â€‹1. Ron Mahay Becomes a Pitcher
Ron Mahay is one of those guys who has been around forever, and for one simple and obvious reason: He throws the ball with his left arm. Mahay came up with the Red Sox in 1997, was claimed off the waiver wire by the A's (who even tried him as a starter a couple of times!), was purchased by the Marlins, signed with the Cubs for two years, then spent four years in Texas. He managed to be "the other guy" that the Braves got when they traded Elvis Andrus, Jarrod Saltalamacchia, Matt Harrison, Neftali Feliz, and um, Beau Jones for Mark Teixeira.
Despite the fact that he functioned near or often below replacement level for most of his career, at age 37, Mahay, who for his career averaged 7.4 strikeouts and 4.2 walks per nine innings while generally pitching exclusively in a role where he had the platoon advantage most of the time, signed a two-year/$8 million contract in free agency. #Royals.
As of 2012, he was still kicking around the minors, even spending some quality time with the Reds' Triple-A affiliate. But did you know that Mahay actually made his major-league debut in 1995… in center field? Mahay played five games there for the Red Sox, who suggested that Mahay, who had a good left arm, go bac into the minors and try pitching. If there is ever proof needed for the theorem that left-armed equals 10-year MLB career (minimum), it's Ron Mahay. Any despondent southpaw position player trying to re-invent himself in major-league baseball should take note. —Russell A. Carleton
2. Dennis Eckersley Converts to Relief
Dennis Eckersley was a pretty darned good starting pitcher. He won 20 games for the 1978 Red Sox one year after pitching a no-hitter for the Indians. Eckersley also had digit wins in his first six seasons as a starter and 10 of his first 12 until 1986, when he fell to 6-11 with a 4.87 ERA for the Cubs. An admitted hard-partier as a youngster, Eckersley was out of shape and seemingly on his way out of baseball at 32 when the Athletics acquired him in a five-player trade in the final days of spring training in 1987. Manager Tony La Russa and pitching coach Dave Duncan converted Eckersley into a closer and the rest, as they say, is history. Eckersley pitched for 12 more seasons, saved 390 games, and wound up being inducted into the Hall of Fame. The greatest re-invention of all might be that Eckersley continues to turn back the hands of aging in his career as a television analyst. He is now 58, sports a perpetual tan, and looks like he is 20 years younger. That makes a guy who is nine years younger than Eckersley but looks 10 years older just a tad jealous. —John Perrotto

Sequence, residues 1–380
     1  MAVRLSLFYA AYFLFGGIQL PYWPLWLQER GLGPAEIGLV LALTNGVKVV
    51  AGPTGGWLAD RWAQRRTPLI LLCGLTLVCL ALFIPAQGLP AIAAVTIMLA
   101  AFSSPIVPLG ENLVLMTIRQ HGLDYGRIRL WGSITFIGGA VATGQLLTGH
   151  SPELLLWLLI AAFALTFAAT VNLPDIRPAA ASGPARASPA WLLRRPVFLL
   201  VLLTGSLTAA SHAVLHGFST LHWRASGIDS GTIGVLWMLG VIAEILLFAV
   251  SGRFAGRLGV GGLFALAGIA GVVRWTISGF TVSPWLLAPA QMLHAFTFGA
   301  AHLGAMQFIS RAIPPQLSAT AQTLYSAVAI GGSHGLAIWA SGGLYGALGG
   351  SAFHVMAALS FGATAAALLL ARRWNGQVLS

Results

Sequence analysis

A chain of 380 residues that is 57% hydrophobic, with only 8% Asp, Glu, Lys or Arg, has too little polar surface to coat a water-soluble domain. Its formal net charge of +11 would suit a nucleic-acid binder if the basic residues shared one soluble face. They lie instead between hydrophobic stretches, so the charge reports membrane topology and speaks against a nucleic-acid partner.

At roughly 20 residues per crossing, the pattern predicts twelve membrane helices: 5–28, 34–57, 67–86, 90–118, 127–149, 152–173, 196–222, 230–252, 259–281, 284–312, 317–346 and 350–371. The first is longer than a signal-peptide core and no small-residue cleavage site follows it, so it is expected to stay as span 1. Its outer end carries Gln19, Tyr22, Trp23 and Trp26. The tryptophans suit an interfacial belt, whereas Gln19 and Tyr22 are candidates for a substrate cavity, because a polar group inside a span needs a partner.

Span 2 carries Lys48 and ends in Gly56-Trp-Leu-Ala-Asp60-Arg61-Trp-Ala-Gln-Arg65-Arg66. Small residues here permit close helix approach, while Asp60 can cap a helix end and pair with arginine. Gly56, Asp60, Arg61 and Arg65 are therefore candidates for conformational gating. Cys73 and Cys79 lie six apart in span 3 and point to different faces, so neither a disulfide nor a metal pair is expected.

3. Adam Jones and B.J. Upton Move to Center Field
In 2005, B. J. Upton committed 53 errors in 133 games in Triple-A, and in 2006, he committed 28 more in 84 games. He was playing shortstop in those games, and although one Durham eyewitness still remembers Upton making the greatest play he’s even seen a shortstop make, baseball is a game that abhors extremes. Upton moved to third base, tried second base, then was finally put out to the pasture of center field, where he found a place to make himself comfortable as a Tampa Bay mainstay and, finally, $75 million from the Braves.
Adam Jones, too, found life a lot easier out in center field after starting out as a minor-league shortstop who booted balls all over the place. (Both he and Upton had range factors at shortstop that rivaled Omar Vizquel’s. Ah, well…) No surprise that the Reds made the same move with Billy Hamilton, who can now utilize his single greatest tool—one of the greatest in all of sports—unburdened by his former position. How many careers have been made by dint of getting players away from shortstop and its steep demands? And how many never came to be, simply because the men who tried to undertake them were simply stationed at the wrong post, and never reassigned to one they could handle? —Adam Sobsey
4. Tim Wakefield Becomes a Knuckleballer
If you scroll through the 1988 draft, all the way to the eighth round, in between Tim Naehring and Mike Smedes, the Pittsburgh Pirates used the 200th pick to take a power-hitting first baseman out of Florida Technical College. Tim Wakefield's alma mater isn't exactly a baseball powerhouse. In fact, if you look it up online, the website advertises the school by offering all incoming freshman new iPads. Wakefield spent his first pro season in Low-A Watertown, New York hitting .189/.328/.308. That must have got the point across that he wasn’t going to make it as a hitter. The next season he stepped on the mound as a knuckleball pitcher.
As a hitter, Wakefield would likely have lasted another season or so before getting released. As a knuckleball pitcher, he shot through the Pirates system, making his major-league debut after just two seasons. He finished third in the Rookie of the Year voting in 1992, and after a bit more time in the minors, he wound up with the Red Sox, winning 200 games over the next 17 seasons for Boston.
For some players adding a new pitch or moving across the rubber can be the difference between success and failure. For Wakefield, the knuckleball was the difference between major-league baseball fame and fortune, and… dentistry? Wakefield kinda looks like a dentist… —Matthew Kory
5. Scott Feldman Modifies His Delivery, Adds a Cutter, Gets Paid
It’s common for traditional over-the-top pitchers to “drop down” sidearm once they enter professional ball, but the reverse rarely happens. Feldman did both early in his pro career. The 6-foot-7 righty initially dropped down sidearm shortly after being drafted by the Rangers in 2003. Less than two years later, he was pitching out of the big-league bullpen. But as he began to scuffle in 2007, Texas had him return to the standard three-quarters delivery, introduced him to a cutter, and later had him join the starting rotation.